As for eternal torment - I honestly don't know what comes next exactly. I'm just saying, many Christians do not believe that the eternal Hell described in this post is what follows for non-believers.

I want to emphasize - I definitely sympathize with the nonbelievers, agnostics, atheists, and adherents of other faiths in feeling deeply insulted and angered by their treatment from those who DO paint Hell in the manner described here. Certainly, most Christians would assert that I was going to Hell, and they would have even more disdain for me than they do for the rest of you. Trust me, I know, they've expressed it to me. So far people here have been far kinder than those on the "Left Behind" website.

I just wanted to throw out there that there is a significant strain of Christianity that does not adhere to these beliefs. It has ancient roots - Gnostic writings, early Christian writers, medieval mystics like Julian of Norwich, and modern writers. Indeed, Julian specifically did not believe that ANYONE would go to Hell.

I can't promise to keep coming back here and posting responses to it - and I doubt any of you really want me to. I also am probably a very poor representative of it, because I am fairly religiously ignorant and somewhat weak in my faith. However, it certainly is OUT there, and I thought it would be good for y'all to know that it does exist and have adherents today.

I'm just curious, how do y'all feel about religious leaders like Gandhi, Martin Luther King Jr., etc? Do you think they all thought this? Do you think they were all pretending to be religious? I don't believe those people thought this, and I don't think they were pretending.

As a more specific response - I didn't say this was ALL there was to Hell. Some scholars & theologians argue that Hell is the State of "Being Apart from God." Thus, those who are apart from God are in Hell in this life, in the next life, and eternally, until they reach the point of being one with God. Also, those who reach that point in this life are not in Hell. Some are one with God while on this Earth. Others continue to be apart from God after this life.

Finally, as to Eternal Torment - it is quite possible that no one will suffer eternal torment. Everyone may join the Kingdom of God in their own time. That's what I tend to think, but honestly, what do I know?

Hellbound Alleee said...

It doesn't matter how I feel about any one particular religious leader. I don't believe in anything supernatural, and I suppose they did. I don't know.

I suppose you could be called a Christian, but I don't see why you would have a favorable view of mainstream protestantism. What you are describing goes against these religions.

I don't think you understand when you say you are "letting us all know" that there is a thing that is "out there" that you believe in. I certainly know that extremely well, that people believe all sorts of strange things, with little rhyme or reason. But if you can't be specific about what you believe and why, I simply can't take it to heart. You say it exists but you don't define it. No reason to believe it.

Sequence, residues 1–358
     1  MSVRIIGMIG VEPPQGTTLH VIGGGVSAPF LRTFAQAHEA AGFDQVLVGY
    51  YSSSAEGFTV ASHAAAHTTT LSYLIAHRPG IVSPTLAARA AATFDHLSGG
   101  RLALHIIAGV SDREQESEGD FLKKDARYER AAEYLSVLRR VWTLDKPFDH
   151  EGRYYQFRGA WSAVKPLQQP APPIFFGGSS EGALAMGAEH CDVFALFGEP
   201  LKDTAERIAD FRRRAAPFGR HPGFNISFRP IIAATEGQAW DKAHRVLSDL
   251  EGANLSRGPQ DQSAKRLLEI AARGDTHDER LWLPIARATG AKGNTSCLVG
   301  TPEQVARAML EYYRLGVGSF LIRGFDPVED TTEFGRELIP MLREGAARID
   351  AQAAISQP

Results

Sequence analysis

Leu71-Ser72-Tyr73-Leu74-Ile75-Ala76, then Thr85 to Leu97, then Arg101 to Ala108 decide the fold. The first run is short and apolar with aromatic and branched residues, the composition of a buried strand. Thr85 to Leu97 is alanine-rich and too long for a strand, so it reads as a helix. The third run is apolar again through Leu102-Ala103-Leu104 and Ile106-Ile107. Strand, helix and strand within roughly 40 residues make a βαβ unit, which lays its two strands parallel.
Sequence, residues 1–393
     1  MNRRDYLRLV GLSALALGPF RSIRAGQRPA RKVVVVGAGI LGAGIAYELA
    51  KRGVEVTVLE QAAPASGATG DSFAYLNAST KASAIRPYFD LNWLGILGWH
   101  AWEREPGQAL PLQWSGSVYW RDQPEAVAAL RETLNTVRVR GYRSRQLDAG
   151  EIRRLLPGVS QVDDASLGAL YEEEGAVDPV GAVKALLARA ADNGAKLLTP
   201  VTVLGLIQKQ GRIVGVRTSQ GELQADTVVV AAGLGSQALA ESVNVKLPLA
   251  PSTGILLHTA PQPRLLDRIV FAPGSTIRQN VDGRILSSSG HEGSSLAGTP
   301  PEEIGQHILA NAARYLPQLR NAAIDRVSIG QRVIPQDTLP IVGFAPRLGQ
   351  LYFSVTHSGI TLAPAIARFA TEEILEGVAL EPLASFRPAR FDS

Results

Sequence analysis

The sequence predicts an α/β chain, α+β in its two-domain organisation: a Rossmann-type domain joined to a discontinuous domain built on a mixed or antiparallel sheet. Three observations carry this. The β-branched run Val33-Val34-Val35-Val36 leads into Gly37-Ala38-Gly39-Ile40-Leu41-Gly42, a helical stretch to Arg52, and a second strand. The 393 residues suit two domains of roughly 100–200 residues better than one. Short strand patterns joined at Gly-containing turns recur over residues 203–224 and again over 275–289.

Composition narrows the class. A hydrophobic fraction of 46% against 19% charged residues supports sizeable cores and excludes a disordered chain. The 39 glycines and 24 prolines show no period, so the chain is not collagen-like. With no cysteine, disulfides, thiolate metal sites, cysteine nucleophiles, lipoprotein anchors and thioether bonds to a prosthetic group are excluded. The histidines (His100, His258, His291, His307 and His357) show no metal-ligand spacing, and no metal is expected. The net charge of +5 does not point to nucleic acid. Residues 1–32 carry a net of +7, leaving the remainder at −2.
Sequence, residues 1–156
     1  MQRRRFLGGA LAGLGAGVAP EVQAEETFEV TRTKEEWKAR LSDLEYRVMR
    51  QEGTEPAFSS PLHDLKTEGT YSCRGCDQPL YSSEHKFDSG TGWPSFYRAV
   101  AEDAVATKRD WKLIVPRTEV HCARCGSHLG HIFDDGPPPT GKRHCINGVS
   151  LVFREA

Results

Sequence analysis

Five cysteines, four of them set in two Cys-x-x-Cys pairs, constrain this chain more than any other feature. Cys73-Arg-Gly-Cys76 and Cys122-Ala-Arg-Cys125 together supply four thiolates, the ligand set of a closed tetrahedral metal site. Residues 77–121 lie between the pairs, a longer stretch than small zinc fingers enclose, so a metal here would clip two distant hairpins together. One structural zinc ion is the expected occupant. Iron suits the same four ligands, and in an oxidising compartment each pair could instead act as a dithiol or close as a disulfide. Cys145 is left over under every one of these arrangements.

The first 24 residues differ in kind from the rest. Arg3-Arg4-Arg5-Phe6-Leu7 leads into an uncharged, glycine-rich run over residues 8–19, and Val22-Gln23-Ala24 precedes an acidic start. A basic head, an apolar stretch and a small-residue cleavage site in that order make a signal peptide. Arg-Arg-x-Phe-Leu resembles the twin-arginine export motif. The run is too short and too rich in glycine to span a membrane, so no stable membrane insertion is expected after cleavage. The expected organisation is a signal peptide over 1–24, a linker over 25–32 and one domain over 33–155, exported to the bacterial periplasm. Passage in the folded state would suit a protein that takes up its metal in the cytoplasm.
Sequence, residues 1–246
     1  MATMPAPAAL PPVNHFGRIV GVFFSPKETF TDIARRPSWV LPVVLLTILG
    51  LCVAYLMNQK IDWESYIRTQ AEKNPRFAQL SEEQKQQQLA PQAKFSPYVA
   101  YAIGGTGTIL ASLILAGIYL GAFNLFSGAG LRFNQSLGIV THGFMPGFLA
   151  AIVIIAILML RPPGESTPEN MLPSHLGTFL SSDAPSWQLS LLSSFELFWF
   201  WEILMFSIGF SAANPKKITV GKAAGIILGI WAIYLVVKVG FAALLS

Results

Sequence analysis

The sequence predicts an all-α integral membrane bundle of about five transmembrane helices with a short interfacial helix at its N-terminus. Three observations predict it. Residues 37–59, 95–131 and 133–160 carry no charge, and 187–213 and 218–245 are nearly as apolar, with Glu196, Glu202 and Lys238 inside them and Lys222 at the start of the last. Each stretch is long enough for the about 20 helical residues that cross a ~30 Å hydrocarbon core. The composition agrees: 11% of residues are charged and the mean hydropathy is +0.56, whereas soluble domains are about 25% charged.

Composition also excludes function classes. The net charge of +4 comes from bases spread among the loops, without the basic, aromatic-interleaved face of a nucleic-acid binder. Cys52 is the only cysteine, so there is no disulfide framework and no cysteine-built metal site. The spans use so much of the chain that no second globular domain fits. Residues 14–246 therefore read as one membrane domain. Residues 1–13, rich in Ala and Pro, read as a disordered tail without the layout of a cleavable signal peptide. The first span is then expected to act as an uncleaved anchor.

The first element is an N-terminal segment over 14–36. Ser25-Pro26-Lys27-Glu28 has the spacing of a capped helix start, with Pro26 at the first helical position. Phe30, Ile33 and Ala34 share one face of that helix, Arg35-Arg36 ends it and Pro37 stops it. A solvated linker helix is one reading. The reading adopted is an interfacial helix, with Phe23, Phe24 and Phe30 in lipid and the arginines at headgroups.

There is no reason to believe that anything supernatural takes place anywhere. People die. When I say die, I mean cease to exist. That does not mean that there is black, or there is another place, or that there is any kind of a "you" that exists. This is fine with me, although I have so much fun and appreciation for life that I wish I could exist for a lot longer than I probably will.

When you realize this, you MUST start seeking personal appreciation for the Good. This is not a game, and this is not a dress rehearsal. You're on stage NOW. The best part of all this is that there is no one floating above you monitoring your thoughts and your sex life. Look up. Is there anyone there? No? There's your answer.

Hellbound Alleee said...

I was going to say it bloody well doesn't make sense to call oneself a Christian when one doesn't agree with what Jesus says in scripture. If one doesn't believe that scripture is actually reflective of a Christ, then one is batty and has made up a Christ out of wholecloth. So why the hell worship someone that one knows nothing about? You don't know what he said (if he even existed), or did--that's just screwed up. What if he, I don't know, believed in eternal torment and that the end of the world would result in all non-believers burning in a Lake of Fire? That's what the gospels say. You wouldn't want to follow a crwzy, evil person like that. I suggest one stop immediately before one's moral autonomy completely disappears.

MDtoMN said...

I understand people who don't believe in anything beyond physical reality. I used to agree with them. I don't now. I know, I know - we cease to exist. I've now had non-pysical experiences that lead me to doubt that. You haven't had those experiences, and you probably haven't opened yourself up to them. So, you're missing out on that. I don't consider this a dress rehearsal, and I never said I did. Also, I never conceive of things as God monitoring every moment. It's that as one goes through life, one is in constant interaction with the Lord.